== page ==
« Reply #97 on: March 14, 2009, 03:16:47 PM »
Quote
Where the Czechs really pro to Whites?

After the end of the imperialist war in November 1918, the Czechs became more reluctant to fight against Russia. It was the leadership of the corps that decided to arrest Kolchak in early 1920 and turn him over to the Irkutsk Military Revolutionary Committee. Nevertheless, the Czechs bear a major responsibility for the outbreak of the catastrophic civil war in Russia. Without their help, the counter-revolution could not have possibly established itself in Siberia.
« Last Edit: March 14, 2009, 03:30:21 PM by Zvezda »

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Re: The Russian Revolution - Causes and/or Prevention?
« Reply #98 on: March 15, 2009, 03:43:47 PM »
My dear Zvezda
    There was nothing peaceful about the establishment of soviet power.  Lenin lied, cheated and had no problems killing whoever stood in his way.  It is true that there were attrocities on both sides and that White leadeers like Kolchak were bloody but to state that the establishment of communism in Russia was peaceful, you have been blinded by Pravda.

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Re: The Russian Revolution - Causes and/or Prevention?
« Reply #99 on: March 16, 2009, 01:52:05 PM »
Quote
There was nothing peaceful about the establishment of soviet power.
In March 1918, soviet power was established in all of Russia except for the western regions under German occupation and the Transcaucasian provinces where power was held by bourgeois nationalists. Before the Germans invasion of Rostov and the Czechoslovak aggression in Central Russia, the civil war had just about ended. Kaledin shot himself in January 1918 and Kornilov was killed in April.

Quote
Lenin lied, cheated and had no problems killing whoever stood in his way.

The establishment of soviet power was the will of the people. To accuse Lenin of lying and cheating his way into power is to slander the Russian people as mindless sheep who had no control over their lives.

When the Russian Government foiled the Kerensky-Krasnov invasion of Petrograd in November 1917, Krasnov was released from custody on the condition that he would not fight the Russian Government. Krasnov could have and should have been shot in November 1917, but he was given a second chance and released.
« Last Edit: March 16, 2009, 01:55:17 PM by Zvezda »

Offline LisaDavidson

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Re: The Russian Revolution - Causes and/or Prevention?
« Reply #100 on: May 02, 2009, 12:04:38 AM »
I feel the revolution could have been prevented if firstly, Rasputin never came into the picture.  He brought down the prestige of the family, causing rumours that resulted in the loss of confidence and respect towards the family.  Also, without Rasputin, there would have been no meddling by him into the choices of ministers.  Also, Nicholas II NEVER should have taken the role of Commander-in-Chief during WWI, he should have kept Nicholas Nicholaevitch in that position.  With Nicholas at headquarters, it left Alexandra to conspire with Rasputin, and maybe if Nicholas was home, he could have quelled the protests immediately, instead of wires going back and forth, some never reaching Nicholas in time for him to react properly.  I guess the biggest factor is Nicholas himself. We all know his father never prepared him properly, and never thought he would die so young at 49. Nicholas never wanted to rule, and that probably affected many decisions, since when you resent something, you do not give it your all.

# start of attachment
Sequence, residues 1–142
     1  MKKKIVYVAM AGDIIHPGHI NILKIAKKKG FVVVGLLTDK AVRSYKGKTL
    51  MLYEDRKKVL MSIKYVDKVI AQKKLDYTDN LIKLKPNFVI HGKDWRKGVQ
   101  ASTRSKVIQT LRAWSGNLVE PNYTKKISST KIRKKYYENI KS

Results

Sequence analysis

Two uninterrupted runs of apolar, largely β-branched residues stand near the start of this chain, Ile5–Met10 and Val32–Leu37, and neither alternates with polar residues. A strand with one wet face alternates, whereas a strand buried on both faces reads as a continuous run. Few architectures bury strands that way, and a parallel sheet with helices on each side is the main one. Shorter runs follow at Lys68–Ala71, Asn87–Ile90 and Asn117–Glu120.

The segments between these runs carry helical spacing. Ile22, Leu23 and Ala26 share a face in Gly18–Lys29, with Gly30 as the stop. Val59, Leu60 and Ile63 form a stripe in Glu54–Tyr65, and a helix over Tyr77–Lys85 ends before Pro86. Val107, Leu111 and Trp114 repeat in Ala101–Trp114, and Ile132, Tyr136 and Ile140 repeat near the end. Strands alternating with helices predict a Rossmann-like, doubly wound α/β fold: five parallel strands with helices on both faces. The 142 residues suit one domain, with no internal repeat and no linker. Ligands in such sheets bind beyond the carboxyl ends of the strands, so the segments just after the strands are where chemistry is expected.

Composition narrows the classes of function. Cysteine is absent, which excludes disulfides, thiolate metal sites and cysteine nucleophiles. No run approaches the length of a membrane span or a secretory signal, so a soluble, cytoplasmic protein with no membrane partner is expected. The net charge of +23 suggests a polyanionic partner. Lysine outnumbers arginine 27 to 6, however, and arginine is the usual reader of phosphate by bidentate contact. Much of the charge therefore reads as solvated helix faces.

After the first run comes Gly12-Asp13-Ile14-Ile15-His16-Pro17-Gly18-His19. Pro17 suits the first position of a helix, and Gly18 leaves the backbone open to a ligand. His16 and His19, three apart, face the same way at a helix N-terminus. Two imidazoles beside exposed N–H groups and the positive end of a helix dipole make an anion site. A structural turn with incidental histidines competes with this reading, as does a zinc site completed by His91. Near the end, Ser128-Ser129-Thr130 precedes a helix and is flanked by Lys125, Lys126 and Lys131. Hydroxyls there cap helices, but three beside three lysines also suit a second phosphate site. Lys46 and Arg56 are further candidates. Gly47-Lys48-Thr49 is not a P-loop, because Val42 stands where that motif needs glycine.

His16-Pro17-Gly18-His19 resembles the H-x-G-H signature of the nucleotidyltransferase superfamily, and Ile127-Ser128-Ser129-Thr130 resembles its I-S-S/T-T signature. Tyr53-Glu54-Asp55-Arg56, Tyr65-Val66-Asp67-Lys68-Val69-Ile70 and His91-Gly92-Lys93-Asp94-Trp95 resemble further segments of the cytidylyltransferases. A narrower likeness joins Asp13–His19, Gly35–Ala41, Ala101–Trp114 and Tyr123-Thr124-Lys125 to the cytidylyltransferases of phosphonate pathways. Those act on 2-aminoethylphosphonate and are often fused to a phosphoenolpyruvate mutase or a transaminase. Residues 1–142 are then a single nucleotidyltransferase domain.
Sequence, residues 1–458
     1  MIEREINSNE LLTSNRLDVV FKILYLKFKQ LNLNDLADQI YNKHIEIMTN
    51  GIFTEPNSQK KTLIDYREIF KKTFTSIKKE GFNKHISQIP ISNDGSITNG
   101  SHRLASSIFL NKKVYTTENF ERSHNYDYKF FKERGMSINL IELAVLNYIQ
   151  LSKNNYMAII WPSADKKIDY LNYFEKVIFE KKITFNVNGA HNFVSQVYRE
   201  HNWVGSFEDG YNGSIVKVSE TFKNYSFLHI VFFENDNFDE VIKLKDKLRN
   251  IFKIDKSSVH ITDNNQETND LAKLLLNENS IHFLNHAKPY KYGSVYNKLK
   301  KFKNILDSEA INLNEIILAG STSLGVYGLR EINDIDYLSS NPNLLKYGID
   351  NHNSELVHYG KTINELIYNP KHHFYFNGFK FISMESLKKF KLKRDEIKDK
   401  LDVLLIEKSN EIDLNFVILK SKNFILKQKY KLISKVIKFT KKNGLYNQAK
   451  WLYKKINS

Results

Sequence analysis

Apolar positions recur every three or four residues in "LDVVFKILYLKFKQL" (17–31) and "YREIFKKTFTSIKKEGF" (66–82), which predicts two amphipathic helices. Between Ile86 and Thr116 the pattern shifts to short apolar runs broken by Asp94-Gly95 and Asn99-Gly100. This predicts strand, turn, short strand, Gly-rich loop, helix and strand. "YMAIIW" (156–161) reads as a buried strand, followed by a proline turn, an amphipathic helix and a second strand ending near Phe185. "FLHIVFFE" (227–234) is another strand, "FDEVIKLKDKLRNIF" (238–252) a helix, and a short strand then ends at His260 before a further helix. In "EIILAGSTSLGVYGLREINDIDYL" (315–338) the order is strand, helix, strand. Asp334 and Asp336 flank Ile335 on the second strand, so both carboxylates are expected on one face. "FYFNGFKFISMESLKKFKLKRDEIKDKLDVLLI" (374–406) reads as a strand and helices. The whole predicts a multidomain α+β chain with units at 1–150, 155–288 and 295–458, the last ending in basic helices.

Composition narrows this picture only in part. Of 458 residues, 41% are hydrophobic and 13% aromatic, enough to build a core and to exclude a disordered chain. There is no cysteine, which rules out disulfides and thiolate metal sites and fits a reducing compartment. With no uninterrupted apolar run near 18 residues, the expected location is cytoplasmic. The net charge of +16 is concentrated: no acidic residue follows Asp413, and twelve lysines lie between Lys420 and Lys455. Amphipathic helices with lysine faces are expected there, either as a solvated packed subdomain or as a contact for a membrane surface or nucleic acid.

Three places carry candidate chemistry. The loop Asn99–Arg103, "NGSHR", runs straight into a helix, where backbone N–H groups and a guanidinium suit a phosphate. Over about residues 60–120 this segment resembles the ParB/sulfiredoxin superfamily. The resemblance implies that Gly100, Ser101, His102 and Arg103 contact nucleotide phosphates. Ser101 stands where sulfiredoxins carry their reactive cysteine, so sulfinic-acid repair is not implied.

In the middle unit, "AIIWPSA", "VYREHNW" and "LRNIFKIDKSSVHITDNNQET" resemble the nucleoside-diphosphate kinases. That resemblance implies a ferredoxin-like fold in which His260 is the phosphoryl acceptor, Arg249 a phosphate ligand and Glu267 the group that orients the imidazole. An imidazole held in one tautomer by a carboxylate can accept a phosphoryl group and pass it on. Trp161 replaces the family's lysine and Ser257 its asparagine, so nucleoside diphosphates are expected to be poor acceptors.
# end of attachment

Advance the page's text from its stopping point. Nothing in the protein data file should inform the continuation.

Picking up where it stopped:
IF, Nicholas and Alexandra had never met Rasputin, that is a major factor.  IF Nicholas did not listen to the meddling of Alexandra and Rasputin, that is another factor.  IF Nicholas let his cousin run the Army, instead of trying to be Commander-in-Chief and Tsar, we might be looking at a different Russia today, of course these are just my opinions. 

When both Alexander III and Nicholas II came to the throne, there was still a sense that revolution would come to Russia sooner rather than later. So, I remain convinced that the archaic structure of the government and the court, rather than ideology, made the revolution inevitable.

The advent of Rasputin, Nicholas II's absence from his capital - and even the first world war all helped determine the timing of the revolution, but not whether or not it was going to happen.

While Nicholas said several things in confidence to his cousin in his grief over his father, as a conservative person, I don't think he seriously doubted his fitness or his duty. And, I don't think the Empress can be said to have "conspired" with Rasputin. She was a devoted wife who did exactly what she thought her husband wanted her to do. Rasputin was her friend and advisor, albeit a poor one at both jobs.

These, too, are just my not so humble opinions.

Offline JStorey

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Re: The Russian Revolution - Causes and/or Prevention?
« Reply #101 on: May 02, 2009, 12:55:54 PM »
To save the Russian Monarchy you would have probably needed to change the last two crowned Emperors or have let Alexander II live longer. His premature death meant an end to any liberal reform, his son Alexander III was a convinced autocrat and surrounded by people who shared that view. Had Alexander II lived long enough to institute some form of constitution then the monarchy might have been salvageable. Alexander III was reactionary believing in orthodoxy, nationalism and the preservation of autocracy, out of sympathy with the slightly more liberal views of his father. He held the country together through his relative intelligence, capacity for delegation and his imposing personality. Nicholas II would have probably made an admirable constitutional monarch if he'd inherited a different throne but his own personal determination to reign as an autocrat hurled his country towards revolution.

The problem with this argument is that the era of the liberal reformer Alexander II was the same one in which Russian nihilism, revolutionary ideas, etc. were blossoming like never before.  This was no conincidence: his liberal reforms helped create an environment in which these very ideas were finally allowed to flourish.